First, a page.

- It is a religious story — no matter from which culture — and will therefore involve the existence and activities of a supernatural being, such as a god, a demigod, a goddess, or several such entities;
- It will seek to explain at least some aspect of the origin or manner of things (where people came from, how rainbows first came to be, why whales have blow spouts, why people and animals feel hunger) if not of the very universe itself;
- It is not an isolated tale but connects up in some significant way with other similar stories within a culture, involving other deities who collectively form a pantheon;
- Its authorship is communally shared, that is, attributable to no single person, and it came into existence through oral tradition, and therefore usually has more than one version;
- It is believed to be essentially true by those in the society for whom it is one part of a cultural mythology.
A story will have all of the above characteristics else it cannot properly be classified as a myth, but may be a legend or a folktale. These three terms have all along formed what might be called a sticky wicket for scholars and lay people alike, and there has been for centuries much useful argument and debate about their proper usage. One observation that has remained constant, however, is that the three types of stories shade into one another, as they share many attributes and may in some instances address identical concerns.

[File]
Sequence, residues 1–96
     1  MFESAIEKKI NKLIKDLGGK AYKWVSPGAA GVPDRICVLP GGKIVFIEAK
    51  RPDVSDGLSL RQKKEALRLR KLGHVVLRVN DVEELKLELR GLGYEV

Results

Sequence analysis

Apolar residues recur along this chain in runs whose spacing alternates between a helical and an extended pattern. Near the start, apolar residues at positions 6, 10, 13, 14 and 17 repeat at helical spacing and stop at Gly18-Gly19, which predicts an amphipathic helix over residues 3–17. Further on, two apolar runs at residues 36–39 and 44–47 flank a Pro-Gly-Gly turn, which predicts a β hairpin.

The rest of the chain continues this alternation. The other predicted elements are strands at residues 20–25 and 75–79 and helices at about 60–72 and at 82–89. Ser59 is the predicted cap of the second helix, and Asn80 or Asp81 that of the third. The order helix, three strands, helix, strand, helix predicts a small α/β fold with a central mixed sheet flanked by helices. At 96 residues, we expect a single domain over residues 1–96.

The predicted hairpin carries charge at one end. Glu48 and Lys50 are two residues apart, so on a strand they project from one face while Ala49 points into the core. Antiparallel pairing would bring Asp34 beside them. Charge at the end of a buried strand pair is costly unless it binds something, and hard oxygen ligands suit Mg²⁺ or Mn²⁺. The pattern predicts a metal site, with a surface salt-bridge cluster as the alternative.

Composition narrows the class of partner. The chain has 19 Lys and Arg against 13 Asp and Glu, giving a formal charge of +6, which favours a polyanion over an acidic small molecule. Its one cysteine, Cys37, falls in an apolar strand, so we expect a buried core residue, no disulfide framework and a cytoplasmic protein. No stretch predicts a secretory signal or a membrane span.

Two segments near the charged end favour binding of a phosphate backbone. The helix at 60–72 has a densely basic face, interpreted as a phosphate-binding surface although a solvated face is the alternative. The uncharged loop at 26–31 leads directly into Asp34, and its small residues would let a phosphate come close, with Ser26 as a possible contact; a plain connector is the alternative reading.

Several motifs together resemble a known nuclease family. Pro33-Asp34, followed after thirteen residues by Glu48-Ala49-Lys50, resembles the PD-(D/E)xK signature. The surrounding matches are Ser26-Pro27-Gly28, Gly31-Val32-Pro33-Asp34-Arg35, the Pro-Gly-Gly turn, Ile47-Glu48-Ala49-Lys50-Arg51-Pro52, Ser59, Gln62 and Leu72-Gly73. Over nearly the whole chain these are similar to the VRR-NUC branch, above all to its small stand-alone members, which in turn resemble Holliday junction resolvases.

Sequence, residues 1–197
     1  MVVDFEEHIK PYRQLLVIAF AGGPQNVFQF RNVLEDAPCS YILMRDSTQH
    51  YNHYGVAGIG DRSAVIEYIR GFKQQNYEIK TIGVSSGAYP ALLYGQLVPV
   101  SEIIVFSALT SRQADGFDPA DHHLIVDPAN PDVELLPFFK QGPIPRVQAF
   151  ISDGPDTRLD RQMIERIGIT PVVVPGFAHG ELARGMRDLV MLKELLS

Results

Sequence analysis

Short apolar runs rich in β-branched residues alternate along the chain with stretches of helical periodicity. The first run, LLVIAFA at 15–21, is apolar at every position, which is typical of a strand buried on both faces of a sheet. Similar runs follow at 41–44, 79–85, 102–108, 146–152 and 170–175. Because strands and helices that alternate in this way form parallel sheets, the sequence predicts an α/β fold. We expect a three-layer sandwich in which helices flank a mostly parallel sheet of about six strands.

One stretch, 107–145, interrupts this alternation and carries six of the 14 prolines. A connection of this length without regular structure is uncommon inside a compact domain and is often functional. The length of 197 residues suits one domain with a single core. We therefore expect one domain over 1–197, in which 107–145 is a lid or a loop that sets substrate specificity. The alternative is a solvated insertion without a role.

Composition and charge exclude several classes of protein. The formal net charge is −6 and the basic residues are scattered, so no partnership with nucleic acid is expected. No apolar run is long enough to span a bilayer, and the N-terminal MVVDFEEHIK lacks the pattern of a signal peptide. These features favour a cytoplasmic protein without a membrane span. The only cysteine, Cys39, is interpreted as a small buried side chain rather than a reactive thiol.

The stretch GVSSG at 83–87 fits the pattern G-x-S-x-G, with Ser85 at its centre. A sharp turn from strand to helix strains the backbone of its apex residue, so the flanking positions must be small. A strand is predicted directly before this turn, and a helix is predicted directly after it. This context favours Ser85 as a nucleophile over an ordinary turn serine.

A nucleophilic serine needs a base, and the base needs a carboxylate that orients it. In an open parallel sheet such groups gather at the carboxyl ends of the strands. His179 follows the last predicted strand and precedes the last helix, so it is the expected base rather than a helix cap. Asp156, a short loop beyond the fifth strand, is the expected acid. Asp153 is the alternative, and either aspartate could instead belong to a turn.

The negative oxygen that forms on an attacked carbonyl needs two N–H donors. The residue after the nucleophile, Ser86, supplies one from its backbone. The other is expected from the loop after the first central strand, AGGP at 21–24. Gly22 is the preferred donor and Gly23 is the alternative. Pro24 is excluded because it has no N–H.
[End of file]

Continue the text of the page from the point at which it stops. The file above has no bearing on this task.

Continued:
The word "myth" has also — ever since the time of Herodotus, a Greek writer and historian in the 4th century B.C.E. — come to be used to designate a story or the understanding of some matter as fictional and even downright false. Does this constitute a contradiction in the use of a word? Oh, yes. This is because it was at about that time that the concept of "historical fact" first arose in the western mind, and so the Greek word logos, meaning logic or "word of truth," became juxtaposed with the word mythos, which at root means "word" or "story." Put the two together, as in the word "mythology," and one suggests a vast field of dynamic study for the casual and dedicated student alike.
More: What is mythology?